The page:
Jason, Freddy, and Leatherface are horror staples, they defined the genre as we know it today, that should go without saying. But over the years and along the way there have been a number of very cool memorable psychos that added to and inspired so much of horror/slasher genre we've become so familiar with. Below is a list of some of horror's iconic unsung antagonists and anti-heroes.
25. Maniac Cop (1988)
Bruce Campbell wasn't always the poised, genre anti-hero audiences have come to know and love. In fact he finds himself both framed and pursued and subsequently he meets his maker by courtesy of a psychotic bad-ass serial killing superhuman cop know as Maniac Cop.
24. The Tooth Fairy, Darkness Falls (2003)
Hands down Darkness Falls is one of the coolest concept designs for a horror character I've ever seen. It's even a decent flick considering the movie studio that produced it was constrained by a PG-13 rating. There's so much potential with this character that I'm surprised no film-maker has attempt to re-make and reboot it.
23. The Collector, The Collector (2009)
A creep in the style of Dr. Decker from Nightbreed infiltrates a wealthy family's home and sets elaborate death traps all in an effort to capture the perfect human specimen. That is until a unsuspecting burglar gets caught up in the madness. Thus the game of cat and mouse ensues. This is one graphically violent film. It's not camp. And it's grim. Not for children.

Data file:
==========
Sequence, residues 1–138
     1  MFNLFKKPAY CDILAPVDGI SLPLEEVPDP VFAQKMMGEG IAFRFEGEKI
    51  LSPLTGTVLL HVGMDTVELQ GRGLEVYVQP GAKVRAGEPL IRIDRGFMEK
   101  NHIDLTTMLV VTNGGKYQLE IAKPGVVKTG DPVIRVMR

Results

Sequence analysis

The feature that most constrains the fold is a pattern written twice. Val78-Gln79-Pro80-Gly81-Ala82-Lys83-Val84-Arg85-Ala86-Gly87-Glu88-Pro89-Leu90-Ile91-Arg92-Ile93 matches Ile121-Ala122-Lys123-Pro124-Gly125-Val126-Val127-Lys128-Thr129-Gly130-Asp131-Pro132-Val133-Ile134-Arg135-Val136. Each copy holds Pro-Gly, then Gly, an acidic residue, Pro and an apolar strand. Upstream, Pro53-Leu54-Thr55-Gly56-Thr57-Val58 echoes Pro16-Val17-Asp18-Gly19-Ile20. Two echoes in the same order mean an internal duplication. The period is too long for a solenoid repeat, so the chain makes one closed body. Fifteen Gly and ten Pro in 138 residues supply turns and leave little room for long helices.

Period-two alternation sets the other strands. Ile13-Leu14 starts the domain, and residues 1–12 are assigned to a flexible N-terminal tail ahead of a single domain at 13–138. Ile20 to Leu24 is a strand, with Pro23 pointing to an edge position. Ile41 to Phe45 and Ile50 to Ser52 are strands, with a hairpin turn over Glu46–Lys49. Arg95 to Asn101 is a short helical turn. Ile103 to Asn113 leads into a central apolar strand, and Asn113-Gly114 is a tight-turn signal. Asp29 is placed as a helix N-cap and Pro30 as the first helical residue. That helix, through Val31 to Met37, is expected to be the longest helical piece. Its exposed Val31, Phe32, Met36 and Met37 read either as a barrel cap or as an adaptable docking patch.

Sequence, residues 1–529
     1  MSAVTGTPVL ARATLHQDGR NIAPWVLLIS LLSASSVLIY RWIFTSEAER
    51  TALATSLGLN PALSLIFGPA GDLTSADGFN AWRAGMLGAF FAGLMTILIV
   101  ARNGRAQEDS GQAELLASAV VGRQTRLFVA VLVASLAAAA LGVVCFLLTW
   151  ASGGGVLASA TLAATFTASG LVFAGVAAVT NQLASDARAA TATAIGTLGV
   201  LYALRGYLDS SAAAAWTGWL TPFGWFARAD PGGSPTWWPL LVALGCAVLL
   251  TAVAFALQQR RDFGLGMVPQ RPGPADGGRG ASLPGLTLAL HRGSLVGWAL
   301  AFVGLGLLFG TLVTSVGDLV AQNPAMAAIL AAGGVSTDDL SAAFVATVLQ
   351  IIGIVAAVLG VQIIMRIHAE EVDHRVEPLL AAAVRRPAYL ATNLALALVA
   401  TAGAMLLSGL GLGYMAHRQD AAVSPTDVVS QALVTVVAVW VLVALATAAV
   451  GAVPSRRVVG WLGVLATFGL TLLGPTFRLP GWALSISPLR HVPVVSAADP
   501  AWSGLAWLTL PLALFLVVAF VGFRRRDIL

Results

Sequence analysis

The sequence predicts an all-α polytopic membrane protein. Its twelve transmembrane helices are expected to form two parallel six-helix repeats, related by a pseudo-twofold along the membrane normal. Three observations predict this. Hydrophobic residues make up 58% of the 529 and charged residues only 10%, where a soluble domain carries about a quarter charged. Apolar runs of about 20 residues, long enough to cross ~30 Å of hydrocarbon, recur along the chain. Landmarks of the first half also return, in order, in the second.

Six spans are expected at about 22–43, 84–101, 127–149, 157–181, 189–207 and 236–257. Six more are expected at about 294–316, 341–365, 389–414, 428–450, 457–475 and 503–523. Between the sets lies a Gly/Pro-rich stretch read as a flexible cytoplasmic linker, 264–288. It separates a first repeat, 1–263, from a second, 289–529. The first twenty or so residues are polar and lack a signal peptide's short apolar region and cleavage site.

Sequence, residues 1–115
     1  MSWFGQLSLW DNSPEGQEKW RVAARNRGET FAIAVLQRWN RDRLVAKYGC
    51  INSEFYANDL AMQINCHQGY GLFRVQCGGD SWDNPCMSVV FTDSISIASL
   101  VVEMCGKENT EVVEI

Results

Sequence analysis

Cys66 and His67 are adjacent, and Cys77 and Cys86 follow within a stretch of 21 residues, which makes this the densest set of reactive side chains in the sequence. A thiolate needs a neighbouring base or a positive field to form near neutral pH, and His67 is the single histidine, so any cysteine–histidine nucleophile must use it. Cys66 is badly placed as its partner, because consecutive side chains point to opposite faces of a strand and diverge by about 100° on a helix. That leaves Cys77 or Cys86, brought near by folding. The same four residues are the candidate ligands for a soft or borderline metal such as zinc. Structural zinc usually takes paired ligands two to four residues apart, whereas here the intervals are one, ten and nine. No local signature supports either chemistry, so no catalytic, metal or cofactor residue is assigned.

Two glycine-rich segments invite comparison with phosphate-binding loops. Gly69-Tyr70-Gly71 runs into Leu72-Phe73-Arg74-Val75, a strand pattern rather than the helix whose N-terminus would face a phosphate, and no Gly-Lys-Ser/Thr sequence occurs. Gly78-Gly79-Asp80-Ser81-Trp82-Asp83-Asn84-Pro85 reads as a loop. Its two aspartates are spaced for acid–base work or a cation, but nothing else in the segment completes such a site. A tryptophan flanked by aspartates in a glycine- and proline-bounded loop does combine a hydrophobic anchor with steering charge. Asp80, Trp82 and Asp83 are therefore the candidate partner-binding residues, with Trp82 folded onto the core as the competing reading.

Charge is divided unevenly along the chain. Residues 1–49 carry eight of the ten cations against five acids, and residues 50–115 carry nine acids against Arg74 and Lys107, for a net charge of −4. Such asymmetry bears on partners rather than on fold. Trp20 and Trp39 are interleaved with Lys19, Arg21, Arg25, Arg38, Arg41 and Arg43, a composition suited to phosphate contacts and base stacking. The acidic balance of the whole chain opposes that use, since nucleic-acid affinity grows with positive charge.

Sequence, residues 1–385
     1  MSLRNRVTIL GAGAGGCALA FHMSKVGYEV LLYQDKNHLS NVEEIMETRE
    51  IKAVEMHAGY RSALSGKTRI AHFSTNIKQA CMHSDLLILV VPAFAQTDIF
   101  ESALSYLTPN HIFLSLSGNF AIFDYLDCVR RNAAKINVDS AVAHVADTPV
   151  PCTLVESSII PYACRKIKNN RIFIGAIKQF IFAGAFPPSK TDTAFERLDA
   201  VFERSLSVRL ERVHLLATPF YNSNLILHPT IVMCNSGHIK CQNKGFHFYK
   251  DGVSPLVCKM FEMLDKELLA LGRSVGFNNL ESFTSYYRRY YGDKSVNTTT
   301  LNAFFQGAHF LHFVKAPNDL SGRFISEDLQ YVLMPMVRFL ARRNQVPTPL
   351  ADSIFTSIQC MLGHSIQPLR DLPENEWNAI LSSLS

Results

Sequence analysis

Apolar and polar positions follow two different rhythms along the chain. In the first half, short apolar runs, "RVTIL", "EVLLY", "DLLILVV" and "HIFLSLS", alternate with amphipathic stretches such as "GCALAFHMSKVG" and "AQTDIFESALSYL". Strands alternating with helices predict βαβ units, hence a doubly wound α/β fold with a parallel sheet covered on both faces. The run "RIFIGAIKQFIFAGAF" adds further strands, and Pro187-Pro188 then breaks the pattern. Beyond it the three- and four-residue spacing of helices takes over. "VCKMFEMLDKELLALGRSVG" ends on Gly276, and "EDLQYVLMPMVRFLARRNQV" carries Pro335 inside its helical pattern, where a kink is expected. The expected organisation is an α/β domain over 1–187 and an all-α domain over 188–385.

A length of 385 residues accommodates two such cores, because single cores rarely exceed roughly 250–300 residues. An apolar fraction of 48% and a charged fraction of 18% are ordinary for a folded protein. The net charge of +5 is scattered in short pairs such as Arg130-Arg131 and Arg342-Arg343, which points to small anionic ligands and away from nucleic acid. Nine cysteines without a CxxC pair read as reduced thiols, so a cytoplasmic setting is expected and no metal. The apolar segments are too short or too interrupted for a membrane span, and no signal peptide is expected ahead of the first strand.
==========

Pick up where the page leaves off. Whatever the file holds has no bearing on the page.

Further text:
22. The Black Cat, Tales from the Darkside: The Movie (1989)
Tales from the Darkside: The Movie was an anthology horror film based on an anthology TV show of the same name. My personal favorite story of the film, and in my opinion one of the coolest antagonists of any horror film was the black cat. The story centers around an elderly disabled wealthy tycoon that is seemingly tormented by a black cat. He'll go to any cost to see it killed, including hiring multiple hit-men.
21. Santa, Tales from the Crypt: And All Through the House (1989)
Tales from the Crypt was an anthology comedy-horror series that ran on HBO from 1989 and through the mid-90s. So technically I'm not speaking in terms of a horror film icon. And technically he doesn't really do much outside of make one appearance. Just watch the episode for yourself and I believe you'll see why this character is the second most synonymous with the series outside of the Crypt Keeper himself.